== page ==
Asparagus soup that will warm you up

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I’ve never done much with asparagus other than cook it on a stovetop or bake it. Since the weather has been freezing, I’ve been coming home to make dinners that will warm me up.

This cream of asparagus soup from Joy is a great way to use the vegetable. It takes about 45 minutes from start to finish, and has a nice consistency — it has cream, but doesn’t become too thick. I didn’t have chicken broth, so I used bullion and water. It was saltier than I wanted it to be, so next time I’ll use less than 1 tablespoon of bullion per cup of water.

I garnished the first bowl with shredded Parmesan, but that wasn’t quite right. The bread cubes were a much better choice.

All in all, this was a nice soup that I will be making again because it don’t involve a lot of ingredients, nor does it take too long to make.

Ingredients
4 tablespoons butter
1 cup coarsely chopped onions
1 1/2 pounds asparagus, trimmed and chopped into 1-inch pieces
1/4 cup all-purpose flour
4 cups poultry stock, chicken broth or other light stock or broth
1/2 to 1 cup heavy cream, half-and-half or milk
Salt
White or black pepper

Melt butter in a soup pot over medium heat.

Add onions and cook, stirring, until tender but not browned.

Stir in asparagus. Cover and cook 10 minutes, stirring occasionally. Stir in flour.

Reduce heat to medium-low and simmer, partially covered, until the asparagus is very tender, about 25 minutes, stirring occasionally. Using a food processor or an immersion blender, process until smooth. Return the soup to the pot and stir in heavy cream. Heat through, but do not boil.

Add salt and pepper. Garnish with grated cheese such as cheddar or Parmesan, or add 1-inch cubes of bread.

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A sweeter spin on scalloped potatoes

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Some vegetables stump me when it comes to figuring out new ways to prepare them. Sweet potatoes are one I struggle with. Outside of baking them or cutting them up into small pieces and frying them, I didn’t really know what else to do with them — that is, until I saw a recipe for Pumpkin Scalloped Potatoes on Pinterest.

The sauce for this recipe is sweet, and the thyme lends a really nice flavor to it. The first time I made this, I used both Yukon Gold potatoes and yams, but the combination of the sweeter sauce and the Yukon Gold potatoes didn’t taste quite right to me. I liked the idea of making a pumpkin cream sauce with herbs for the potatoes, so I made the dish a second time only using yams. It was much better.

I used a mandolin slicer to cut the potatoes, and it was really nice to have all the pieces cut uniformly. I used cheddar and Parmesan, since that’s what I had in the fridge. The cheese added a much-needed savory flavor to the dish, which helps balance the overall taste.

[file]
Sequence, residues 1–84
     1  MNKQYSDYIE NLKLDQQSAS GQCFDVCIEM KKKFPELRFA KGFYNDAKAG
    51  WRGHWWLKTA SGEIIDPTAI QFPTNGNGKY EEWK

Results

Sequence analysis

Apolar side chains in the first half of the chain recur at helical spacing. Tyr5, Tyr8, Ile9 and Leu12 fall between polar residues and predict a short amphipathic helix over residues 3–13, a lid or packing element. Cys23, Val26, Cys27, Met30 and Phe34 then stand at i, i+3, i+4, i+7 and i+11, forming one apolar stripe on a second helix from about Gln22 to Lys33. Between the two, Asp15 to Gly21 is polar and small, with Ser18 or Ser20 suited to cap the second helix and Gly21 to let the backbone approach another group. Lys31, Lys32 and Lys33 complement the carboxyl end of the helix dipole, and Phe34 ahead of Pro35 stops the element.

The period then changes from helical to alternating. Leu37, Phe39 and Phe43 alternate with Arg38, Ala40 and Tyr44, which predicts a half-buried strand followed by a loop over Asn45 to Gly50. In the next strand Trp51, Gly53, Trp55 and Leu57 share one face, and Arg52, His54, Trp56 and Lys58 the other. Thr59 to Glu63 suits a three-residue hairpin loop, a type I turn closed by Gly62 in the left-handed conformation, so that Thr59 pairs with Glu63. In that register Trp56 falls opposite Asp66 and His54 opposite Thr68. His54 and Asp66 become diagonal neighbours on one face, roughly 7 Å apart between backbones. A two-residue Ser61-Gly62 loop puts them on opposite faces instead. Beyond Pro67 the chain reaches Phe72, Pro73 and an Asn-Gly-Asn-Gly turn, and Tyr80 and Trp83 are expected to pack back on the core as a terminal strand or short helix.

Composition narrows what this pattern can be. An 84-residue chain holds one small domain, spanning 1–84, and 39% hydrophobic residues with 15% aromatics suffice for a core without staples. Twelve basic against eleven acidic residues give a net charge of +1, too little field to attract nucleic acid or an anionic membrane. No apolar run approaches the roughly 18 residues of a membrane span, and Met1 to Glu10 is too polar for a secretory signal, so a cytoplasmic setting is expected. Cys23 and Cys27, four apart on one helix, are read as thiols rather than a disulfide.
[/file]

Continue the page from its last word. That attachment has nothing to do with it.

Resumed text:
This dish is a great way to make the most of fall flavors. It’s a nice comfort food for cold days, too. I may consider making it for Thanksgiving this year.

1scallopedsweetpotatoes111013Ingredients
1 1/2 cups heavy whipping cream
1/2 cup unsweetened pumpkin puree
1 sprig fresh thyme (or 1/3 teaspoon dried thyme)
2 garlic cloves, smashed
1/4 teaspoon ground nutmeg (freshly grated is best!)
2 large yams or sweet potatoes, peeled and cut into 1/8-inch slices
kosher salt and freshly ground black pepper
4 ounces Fontina, Havarti or cheddar cheese, shredded
1/2 cup freshly grated Parmesan cheese

Preheat the oven to 375 degrees F. Spray a 2-quart casserole dish with nonstick spray.

In a medium saucepan, combine the cream, pumpkin, thyme, garlic and nutmeg and heat over medium-low heat. While the cream sauce is warming, prepare the potatoes.

Create three rows of potatoes along the bottom of the dish, overlapping slightly and alternating the two types of potatoes. Sprinkle with salt and pepper. Remove the cream from heat (fishing out the thyme and garlic and discarding those) and spoon 1/3 of the cream sauce over the potatoes. Combine the two cheeses in a medium bowl. Sprinkle 1/3 of the cheeses over the potatoes too. Create a second layer of potatoes, sprinkle with salt and pepper and drizzle with 1/3 more of the sauce and 1/3 more of the cheese. Create a third layer of potatoes, sprinkle with salt and pepper and drizzle with the remainder of the sauce.

Bake the potatoes, uncovered, for 50 minutes. Sprinkle the remainder of the cheese on top, and bake for an additional 5 to 10 minutes, or until the cheese is slightly browned and bubbly.

Smashing expectations with simple scones

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I have never met a scone I liked. Every scone I’ve ever had has been dry, plain and crumbly. They were all like eating a stale biscuit. So, for the majority of my life, I’ve avoided them. Last week I decided I make them at home to see whether I would like them better. I did.scones2

The recipe I used was the Simple Cream Scones recipe from The Cook’s Illustrated Cookbook. I figure it’s always best to start with something simple. I added a vanilla bean to the recipe and the flavor of the scones was great. They didn’t crumble all over the place when I bit into them like ones I’d purchased from coffee shops did. They were soft and a bit moist inside instead of dry through and through. They were enjoyable, instead of being overly sweet. They were perfect for breakfast.

As with most recipes, I made a mistake on the first try. I left the oven rack in the upper third of the oven and didn’t rotate the scones halfway through the cooking process as instructed. I left them in a little longer than I should have, but they were still good. In fact, the next weekend I made them and added about a half cup of chopped strawberries to the mix and I liked them even more than the vanilla bean scones.

I’m glad I decided to make them at home because now I know that not all scones are dry and crumbly. Not all scones are bad biscuits. Not all scones are worth writing off.

scones4Ingredients
2 cups all-purpose flour
3 tablespoons sugar
1 tablespoon baking powder (use 3/4 tablespoon if at high altitude)
1/2 teaspoon salt